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Delaware Art Museum launches new outdoor art conservation program

Delaware Public Media

Wilmington will soon have some new conservators to help restore the City’s public art pieces.

The Delaware Art Museum is launching a new Public Art Stewards Training Program next spring.

Six to eight people will train with a professional art conservator to maintain around 30 pieces of outdoor public artwork.

Curatorial Project Manager Benét (ben-AYE) Burton said the six month program is designed to work with people from diverse backgrounds to revitalize Wilmington’s public artworks.

“Conservation is a very intensive skill to learn. So, we wanted to give them enough time to lay the foundation for the hands-on onsite training they’ll be gaining, but also to build up on those skills as we continue through the program,” Burton said.

She adds the Museum will prioritize hiring people of color, those on the behavioral health spectrum and those facing economic hardship.

Burton hopes to see the program expand statewide.

“There’s so much public art in Wilmington alone, but also in all three counties of Delaware. We’re hoping that with this pilot we’re setting an example and we can gain more funding so that we can have more public art conservators outside of Wilmington maintaining the beautiful outdoor galleries of our state,” she said.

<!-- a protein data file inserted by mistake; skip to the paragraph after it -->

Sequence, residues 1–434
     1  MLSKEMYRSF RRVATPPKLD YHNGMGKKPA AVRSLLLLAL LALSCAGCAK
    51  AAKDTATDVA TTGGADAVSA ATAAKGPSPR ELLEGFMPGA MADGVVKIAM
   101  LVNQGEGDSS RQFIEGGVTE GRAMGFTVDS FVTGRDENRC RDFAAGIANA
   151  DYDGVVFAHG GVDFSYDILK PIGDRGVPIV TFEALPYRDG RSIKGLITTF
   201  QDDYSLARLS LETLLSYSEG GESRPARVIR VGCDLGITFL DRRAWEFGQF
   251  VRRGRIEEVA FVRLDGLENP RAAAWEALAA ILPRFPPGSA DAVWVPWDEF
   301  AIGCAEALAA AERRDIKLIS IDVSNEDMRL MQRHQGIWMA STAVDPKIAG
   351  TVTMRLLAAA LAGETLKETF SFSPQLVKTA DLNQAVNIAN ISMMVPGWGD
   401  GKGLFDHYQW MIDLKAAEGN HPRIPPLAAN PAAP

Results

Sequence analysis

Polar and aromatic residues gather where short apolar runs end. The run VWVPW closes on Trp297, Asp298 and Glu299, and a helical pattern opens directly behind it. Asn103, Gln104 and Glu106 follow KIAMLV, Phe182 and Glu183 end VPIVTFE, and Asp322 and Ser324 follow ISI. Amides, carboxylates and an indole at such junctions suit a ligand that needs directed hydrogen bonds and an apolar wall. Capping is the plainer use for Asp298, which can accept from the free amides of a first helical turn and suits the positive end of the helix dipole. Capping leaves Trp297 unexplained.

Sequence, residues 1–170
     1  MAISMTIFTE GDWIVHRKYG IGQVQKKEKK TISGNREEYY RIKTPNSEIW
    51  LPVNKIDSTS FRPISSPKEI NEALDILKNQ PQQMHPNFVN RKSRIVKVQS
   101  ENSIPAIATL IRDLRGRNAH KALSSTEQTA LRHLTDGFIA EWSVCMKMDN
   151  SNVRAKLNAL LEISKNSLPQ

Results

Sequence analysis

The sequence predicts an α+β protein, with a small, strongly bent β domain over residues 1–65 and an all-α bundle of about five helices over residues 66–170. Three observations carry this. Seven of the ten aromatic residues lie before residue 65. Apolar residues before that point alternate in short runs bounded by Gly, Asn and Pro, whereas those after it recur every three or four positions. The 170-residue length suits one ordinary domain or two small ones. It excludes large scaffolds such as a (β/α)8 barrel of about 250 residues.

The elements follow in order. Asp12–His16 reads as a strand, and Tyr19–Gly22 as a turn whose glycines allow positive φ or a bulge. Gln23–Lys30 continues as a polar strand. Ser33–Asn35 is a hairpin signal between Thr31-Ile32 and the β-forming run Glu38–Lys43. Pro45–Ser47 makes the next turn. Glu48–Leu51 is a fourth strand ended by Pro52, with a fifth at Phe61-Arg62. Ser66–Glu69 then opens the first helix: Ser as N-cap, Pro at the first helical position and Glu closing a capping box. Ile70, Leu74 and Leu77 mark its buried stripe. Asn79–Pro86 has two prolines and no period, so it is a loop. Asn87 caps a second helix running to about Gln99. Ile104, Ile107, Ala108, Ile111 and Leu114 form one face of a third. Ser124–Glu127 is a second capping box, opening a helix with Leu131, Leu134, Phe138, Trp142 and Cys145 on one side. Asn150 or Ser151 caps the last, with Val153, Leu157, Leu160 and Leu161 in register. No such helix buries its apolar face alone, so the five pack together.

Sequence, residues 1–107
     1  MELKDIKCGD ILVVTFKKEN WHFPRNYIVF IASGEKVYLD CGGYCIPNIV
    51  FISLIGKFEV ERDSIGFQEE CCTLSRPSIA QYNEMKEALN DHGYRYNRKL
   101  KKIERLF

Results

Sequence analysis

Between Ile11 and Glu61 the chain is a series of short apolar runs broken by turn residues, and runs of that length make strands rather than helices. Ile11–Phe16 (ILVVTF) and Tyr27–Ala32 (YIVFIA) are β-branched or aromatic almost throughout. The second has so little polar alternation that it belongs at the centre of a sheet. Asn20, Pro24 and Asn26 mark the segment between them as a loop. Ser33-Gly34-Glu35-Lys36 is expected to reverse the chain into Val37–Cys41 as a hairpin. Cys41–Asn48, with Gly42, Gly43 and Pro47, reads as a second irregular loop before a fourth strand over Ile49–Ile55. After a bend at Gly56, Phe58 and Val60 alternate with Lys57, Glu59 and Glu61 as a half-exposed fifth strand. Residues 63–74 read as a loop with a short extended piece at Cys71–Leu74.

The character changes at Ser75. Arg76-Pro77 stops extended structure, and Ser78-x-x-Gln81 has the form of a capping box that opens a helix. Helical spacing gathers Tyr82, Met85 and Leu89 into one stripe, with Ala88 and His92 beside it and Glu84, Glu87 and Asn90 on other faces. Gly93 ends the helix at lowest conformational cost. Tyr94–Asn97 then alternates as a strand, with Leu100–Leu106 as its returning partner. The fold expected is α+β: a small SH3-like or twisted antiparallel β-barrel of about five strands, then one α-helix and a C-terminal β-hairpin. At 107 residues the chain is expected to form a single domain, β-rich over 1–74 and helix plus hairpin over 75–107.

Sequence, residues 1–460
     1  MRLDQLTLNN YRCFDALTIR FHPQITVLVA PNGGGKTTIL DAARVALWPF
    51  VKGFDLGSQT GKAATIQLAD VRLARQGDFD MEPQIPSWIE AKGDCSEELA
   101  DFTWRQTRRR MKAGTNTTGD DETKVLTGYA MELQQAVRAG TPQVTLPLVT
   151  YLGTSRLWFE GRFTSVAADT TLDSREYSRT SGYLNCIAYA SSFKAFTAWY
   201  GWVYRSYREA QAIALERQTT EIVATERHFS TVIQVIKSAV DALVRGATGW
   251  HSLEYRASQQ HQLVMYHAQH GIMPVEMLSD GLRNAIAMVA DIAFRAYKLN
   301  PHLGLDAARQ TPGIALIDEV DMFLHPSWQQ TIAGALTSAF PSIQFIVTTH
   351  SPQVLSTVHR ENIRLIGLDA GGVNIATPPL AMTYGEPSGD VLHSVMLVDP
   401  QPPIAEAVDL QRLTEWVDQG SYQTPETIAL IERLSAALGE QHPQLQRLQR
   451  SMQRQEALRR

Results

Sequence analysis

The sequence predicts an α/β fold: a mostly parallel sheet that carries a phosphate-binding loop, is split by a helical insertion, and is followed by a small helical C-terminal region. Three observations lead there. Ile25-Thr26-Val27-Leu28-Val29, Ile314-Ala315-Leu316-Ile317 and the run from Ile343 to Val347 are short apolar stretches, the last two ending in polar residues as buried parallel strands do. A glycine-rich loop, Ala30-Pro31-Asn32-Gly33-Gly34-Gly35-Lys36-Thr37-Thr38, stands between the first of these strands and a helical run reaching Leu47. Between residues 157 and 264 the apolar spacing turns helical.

The program will launch in the spring in partnership with Wilmington’s Creative Vision Factory.

It’s funded through the American Rescue Plan Act.

Delaware Public Media' s arts coverage is made possible, in part, by support from the Delaware Division of the Arts, a state agency dedicated to nurturing and supporting the arts in Delaware, in partnership with the National Endowment for the Arts.

Mark Arehart is an award-winning reporter/producer. Before returning to Delaware, Arehart was a reporter for WKSU and Ideastream Public Media in Northeast Ohio. He previously hosted Morning Edition and covered the arts scene for Delaware Public Media. He has worked for KNKX in Seattle, Kansas Public Radio, and KYUK in Bethel, Alaska.